TaylorMade TP Hydro Blast putters

TaylorMade TP Hydro Blast putters: The details

Available: Now

RRP: £199

Grip: Lamkin Sink Fit Skinny Pistol

More info: TaylorMade website

This article was originally published by our partner National Club Golfer.

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Every fairway was stripped, every bunker renewed. Thousands of metres of irrigation piping were laid and more than 30,000 tonnes of sand shaped onto the holes.

The renovation project was massive and the aim – carpet-like surfaces that are playable all year round – was ambitious.

But, following an intensive year-long redevelopment, we’ll finally see the fruits of the labours when Chart Hills officially relaunches on June 1.

The Kent course has always been renowned for being Sir Nick Faldo’s first European design and for a collection of bunkers that were infamous for their scope and ferocity.

In recent years, though, the golf course had fallen on hard times.

Ramac Holdings, who also own Prince’s, bought the property at the end of 2019 and unveiled some big transformation plans.

Led by director of golf, Anthony Tarchetti, and course manager, Neil Lowther, the work pressed on despite the coronavirus pandemic and a series of shutdowns.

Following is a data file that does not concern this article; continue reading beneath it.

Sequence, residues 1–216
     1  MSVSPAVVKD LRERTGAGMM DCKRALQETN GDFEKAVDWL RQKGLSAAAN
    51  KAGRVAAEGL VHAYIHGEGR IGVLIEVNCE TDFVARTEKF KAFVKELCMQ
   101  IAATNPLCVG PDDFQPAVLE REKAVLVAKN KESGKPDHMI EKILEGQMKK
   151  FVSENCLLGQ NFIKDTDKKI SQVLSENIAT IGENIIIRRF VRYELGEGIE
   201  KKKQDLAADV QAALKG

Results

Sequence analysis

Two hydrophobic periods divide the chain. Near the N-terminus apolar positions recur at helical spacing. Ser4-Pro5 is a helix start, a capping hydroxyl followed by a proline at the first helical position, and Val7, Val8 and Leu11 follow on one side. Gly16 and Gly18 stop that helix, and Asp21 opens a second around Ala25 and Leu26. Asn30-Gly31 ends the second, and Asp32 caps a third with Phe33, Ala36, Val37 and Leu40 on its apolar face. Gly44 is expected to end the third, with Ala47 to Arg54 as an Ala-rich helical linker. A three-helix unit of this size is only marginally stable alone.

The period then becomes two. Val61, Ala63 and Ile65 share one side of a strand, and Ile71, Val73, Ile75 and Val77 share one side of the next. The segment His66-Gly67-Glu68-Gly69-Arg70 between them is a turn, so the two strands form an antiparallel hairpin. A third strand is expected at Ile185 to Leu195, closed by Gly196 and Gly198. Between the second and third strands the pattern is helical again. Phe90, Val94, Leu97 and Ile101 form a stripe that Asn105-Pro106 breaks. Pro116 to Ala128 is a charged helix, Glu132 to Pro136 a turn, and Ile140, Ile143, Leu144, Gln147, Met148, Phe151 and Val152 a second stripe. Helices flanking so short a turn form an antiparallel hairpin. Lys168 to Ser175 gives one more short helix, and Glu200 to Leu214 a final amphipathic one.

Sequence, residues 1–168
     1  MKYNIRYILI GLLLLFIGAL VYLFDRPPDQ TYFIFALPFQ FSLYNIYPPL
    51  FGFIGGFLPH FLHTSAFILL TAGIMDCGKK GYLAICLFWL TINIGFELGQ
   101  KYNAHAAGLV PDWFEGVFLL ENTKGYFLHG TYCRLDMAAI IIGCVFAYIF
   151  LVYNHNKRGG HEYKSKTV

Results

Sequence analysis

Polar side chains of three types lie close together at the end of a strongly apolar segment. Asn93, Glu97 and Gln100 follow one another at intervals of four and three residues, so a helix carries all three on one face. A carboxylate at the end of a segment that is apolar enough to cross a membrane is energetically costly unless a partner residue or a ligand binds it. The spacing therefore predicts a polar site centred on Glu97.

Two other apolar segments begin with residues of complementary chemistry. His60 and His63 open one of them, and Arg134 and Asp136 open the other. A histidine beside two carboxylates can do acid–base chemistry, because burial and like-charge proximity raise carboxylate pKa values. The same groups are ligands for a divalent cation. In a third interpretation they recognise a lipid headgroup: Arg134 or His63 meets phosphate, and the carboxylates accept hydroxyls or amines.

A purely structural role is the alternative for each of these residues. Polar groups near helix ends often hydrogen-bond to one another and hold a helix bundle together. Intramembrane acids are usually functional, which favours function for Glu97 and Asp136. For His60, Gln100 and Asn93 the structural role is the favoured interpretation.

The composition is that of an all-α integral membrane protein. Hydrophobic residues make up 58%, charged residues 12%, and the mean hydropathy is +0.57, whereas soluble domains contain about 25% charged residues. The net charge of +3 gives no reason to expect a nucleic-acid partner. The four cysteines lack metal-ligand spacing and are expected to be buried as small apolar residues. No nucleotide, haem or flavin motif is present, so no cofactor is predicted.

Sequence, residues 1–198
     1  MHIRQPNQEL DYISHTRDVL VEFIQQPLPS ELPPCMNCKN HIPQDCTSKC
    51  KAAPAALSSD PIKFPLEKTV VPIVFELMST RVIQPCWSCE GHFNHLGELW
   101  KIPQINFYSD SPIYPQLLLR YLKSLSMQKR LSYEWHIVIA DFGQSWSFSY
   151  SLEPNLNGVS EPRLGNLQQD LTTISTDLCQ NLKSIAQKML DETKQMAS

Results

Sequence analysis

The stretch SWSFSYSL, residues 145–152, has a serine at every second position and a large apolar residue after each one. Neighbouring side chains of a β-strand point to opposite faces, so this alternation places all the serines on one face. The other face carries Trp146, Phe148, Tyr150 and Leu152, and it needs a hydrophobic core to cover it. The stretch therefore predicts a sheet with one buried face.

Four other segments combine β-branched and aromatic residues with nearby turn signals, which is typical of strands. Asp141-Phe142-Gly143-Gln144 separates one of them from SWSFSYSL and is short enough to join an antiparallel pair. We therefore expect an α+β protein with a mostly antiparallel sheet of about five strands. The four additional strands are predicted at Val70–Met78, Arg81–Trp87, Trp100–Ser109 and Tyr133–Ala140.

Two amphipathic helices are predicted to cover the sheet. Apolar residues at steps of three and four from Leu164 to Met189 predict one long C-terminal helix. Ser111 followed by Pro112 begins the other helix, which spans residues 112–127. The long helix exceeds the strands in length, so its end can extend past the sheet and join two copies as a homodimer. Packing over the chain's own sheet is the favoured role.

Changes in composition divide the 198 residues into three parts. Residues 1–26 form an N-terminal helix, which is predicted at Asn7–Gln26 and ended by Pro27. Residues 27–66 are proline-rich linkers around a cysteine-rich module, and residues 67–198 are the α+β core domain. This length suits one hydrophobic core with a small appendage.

Tarchetti thinks the restoration has produced a playable, yet challenging, layout that will be presented and manicured to championship standards – while making the most of some picturesque South East countryside.

“We have made enormous strides and are hugely proud of the product we will be presenting,” he said.

“While the work has been significant, we absolutely will not rest on our laurels. This is just the beginning of a road of continuous improvement at Chart Hills, with plans already in place to continue developments over the coming years. 

“We are extremely excited to welcome our members and their guests back to the club in the coming months.” 

It was initially thought that completely redeveloping the property would take more than two years to finish and the team hoped for a late summer opening next year.

The pandemic, and forced closures because of government restrictions, gave Tarchetti and company a chance to change tack.

They had an opportunity to dramatically accelerate the timeframe. They decided to completely close the course in July 2020 and not to reopen until all 18-holes had been renovated – something of a risk given members couldn’t play golf on site and with the sport enjoying a post-lockdown boom last summer.

The fairways were exposed to the bare soil, and the finishing team spread creeping-rye grass on each before watering and fertilising.

This carried on despite a wet, cold, and challenging winter and new touches were applied to the green complexes, as well as a complete overhaul of Chart Hills’ famous collection of more than 100 bunkers.

The course was just the start. The entire venue has been remodelled, with a completely redecorated clubhouse, a new club shop and modernised bar area, along with an improved car park and signage and upgraded practice facilities including a state-of-the-art simulator room.